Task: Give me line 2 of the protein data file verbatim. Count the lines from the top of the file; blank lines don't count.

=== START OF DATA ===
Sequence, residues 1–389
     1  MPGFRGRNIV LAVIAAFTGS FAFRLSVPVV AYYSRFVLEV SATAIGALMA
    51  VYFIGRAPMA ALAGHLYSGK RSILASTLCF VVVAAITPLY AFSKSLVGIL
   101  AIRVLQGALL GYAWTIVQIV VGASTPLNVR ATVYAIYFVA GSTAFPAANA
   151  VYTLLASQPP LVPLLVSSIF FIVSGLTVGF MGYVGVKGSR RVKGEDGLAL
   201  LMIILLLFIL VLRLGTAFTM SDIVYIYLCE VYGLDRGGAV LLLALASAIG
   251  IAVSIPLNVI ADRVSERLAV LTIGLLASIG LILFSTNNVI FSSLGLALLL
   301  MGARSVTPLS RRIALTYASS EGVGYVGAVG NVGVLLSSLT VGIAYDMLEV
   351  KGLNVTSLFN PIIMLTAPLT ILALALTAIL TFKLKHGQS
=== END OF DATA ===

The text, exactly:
     1  MPGFRGRNIV LAVIAAFTGS FAFRLSVPVV AYYSRFVLEV SATAIGALMA